As new technology has allowed rigid-frame haulers to swell their payloads to as much as 400 tons (363.6 tonnes), the primary application of large rigid trucks has shifted more and more to large earthmoving sites and mining operations.
During the same period, the argument for articulated haulers in construction has strengthened, primarily due to their surer footing on uneven ground. Where the two cross over, there are difficult choices to be made, dependent on variables such as haul road surfaces, gradients, uptime and, of course, initial and overall cost.
At this year’s Bauma, Volvo Construction Equipment will unveil (possibly literally) its new A60H articulated hauler, a 55-ton (50-tonne) capacity machine, set to do battle with Bell Equipment’s equally impressive B60D ADT.
The question is, why has Volvo chosen this moment to produce its biggest-ever hauler? While the 40% payload increase on Volvo’s A40 model will reduce the per-tonne cost and increase productivity, manufacturers have previously resisted the temptation to go big and enter such a niche market – literally between the natural territories of the two types of hauler.
Volvo says it is responding to increasing demand among its customers for haulers with larger payloads. It adds that the A60H is a viable alternative for customers currently using rigid dump trucks operating on soft, uneven or steep roads.
Along with optimising production, Volvo says the new hauler helps reduce costs, as the need for maintenance of haul roads is minimised.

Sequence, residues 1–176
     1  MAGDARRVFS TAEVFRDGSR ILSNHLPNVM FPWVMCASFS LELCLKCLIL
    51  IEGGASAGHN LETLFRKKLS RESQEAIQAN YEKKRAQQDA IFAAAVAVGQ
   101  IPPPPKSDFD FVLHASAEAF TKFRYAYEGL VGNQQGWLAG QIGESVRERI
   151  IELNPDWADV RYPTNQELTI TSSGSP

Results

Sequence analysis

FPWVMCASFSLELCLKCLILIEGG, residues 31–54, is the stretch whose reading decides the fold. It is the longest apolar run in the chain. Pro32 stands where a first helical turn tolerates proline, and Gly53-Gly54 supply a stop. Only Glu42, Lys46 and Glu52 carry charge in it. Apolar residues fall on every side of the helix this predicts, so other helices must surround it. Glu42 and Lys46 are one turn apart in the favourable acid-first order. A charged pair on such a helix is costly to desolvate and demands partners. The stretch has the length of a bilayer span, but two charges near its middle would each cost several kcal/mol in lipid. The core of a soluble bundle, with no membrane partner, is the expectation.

As a further selling point, the A60H comes nicely equipped with technology to ensure optimum performance, including intelligent monitoring systems, such as MATRIS, CareTrack, and the Volvo On Board Weighing System.
The operator experience also promises to be good; within the Volvo Care Cab design, a centrally-positioned seat offers good all-round visibility, while comforts include climate control and low noise levels, as well as enhanced steering and suspension.
Bell Equipment first introduced its own 60-ton-class ADT, the B60D, at Bauma Africa in 2013, where it was hailed as being in many ways an improvement on rigid haulers of the same capacity, given its ability to perform well on variable haul road surfaces.
At its launch, it signalled a blurring of the lines between rigid and articulated machines, with Bell confident the B60D would win the argument with South African mine and quarry owners, due to its manoeuvrability on difficult terrain. Haul roads, therefore, require less maintenance, significantly lowering costs.
The B60D has two driven axles, giving it a 4x4 capacity. Its rigid truck frame style, adds to its strength, both literally and as a unique selling proposition.
While the biggest articulated machines do battle with rigids, the lower-capacity ADTs are largely having things their own way, with sales of rigid haulers in construction falling away over the past three years.
Scottish firm McFadyens Contractors have been using the Bell B30D ADT for five years and, after signing a contract to work on a forestry roads project, opted to buy a second used B30D, as well as a new B30E.
The company’s managing director, Billy McFadyen, said, “Our existing Bell dump truck has proven its reliability, while operators have confirmed that they like the comfort and functionality within the cab.”